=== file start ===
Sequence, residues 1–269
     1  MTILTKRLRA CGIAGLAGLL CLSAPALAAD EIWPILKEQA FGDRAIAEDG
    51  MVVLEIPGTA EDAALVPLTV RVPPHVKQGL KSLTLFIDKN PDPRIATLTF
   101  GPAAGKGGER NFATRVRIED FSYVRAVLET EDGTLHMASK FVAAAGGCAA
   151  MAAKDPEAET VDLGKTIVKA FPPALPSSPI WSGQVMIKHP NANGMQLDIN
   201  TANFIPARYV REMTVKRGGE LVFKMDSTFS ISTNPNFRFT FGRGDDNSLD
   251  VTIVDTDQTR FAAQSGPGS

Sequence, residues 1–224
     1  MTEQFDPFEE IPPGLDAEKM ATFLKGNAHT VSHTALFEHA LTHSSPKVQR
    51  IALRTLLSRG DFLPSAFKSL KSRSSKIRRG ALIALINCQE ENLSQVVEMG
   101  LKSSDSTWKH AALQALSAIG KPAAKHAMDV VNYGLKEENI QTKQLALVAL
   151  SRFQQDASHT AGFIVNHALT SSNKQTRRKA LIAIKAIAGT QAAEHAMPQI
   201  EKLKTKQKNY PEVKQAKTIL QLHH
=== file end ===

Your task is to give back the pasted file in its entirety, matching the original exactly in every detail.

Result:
Sequence, residues 1–269
     1  MTILTKRLRA CGIAGLAGLL CLSAPALAAD EIWPILKEQA FGDRAIAEDG
    51  MVVLEIPGTA EDAALVPLTV RVPPHVKQGL KSLTLFIDKN PDPRIATLTF
   101  GPAAGKGGER NFATRVRIED FSYVRAVLET EDGTLHMASK FVAAAGGCAA
   151  MAAKDPEAET VDLGKTIVKA FPPALPSSPI WSGQVMIKHP NANGMQLDIN
   201  TANFIPARYV REMTVKRGGE LVFKMDSTFS ISTNPNFRFT FGRGDDNSLD
   251  VTIVDTDQTR FAAQSGPGS

Sequence, residues 1–224
     1  MTEQFDPFEE IPPGLDAEKM ATFLKGNAHT VSHTALFEHA LTHSSPKVQR
    51  IALRTLLSRG DFLPSAFKSL KSRSSKIRRG ALIALINCQE ENLSQVVEMG
   101  LKSSDSTWKH AALQALSAIG KPAAKHAMDV VNYGLKEENI QTKQLALVAL
   151  SRFQQDASHT AGFIVNHALT SSNKQTRRKA LIAIKAIAGT QAAEHAMPQI
   201  EKLKTKQKNY PEVKQAKTIL QLHH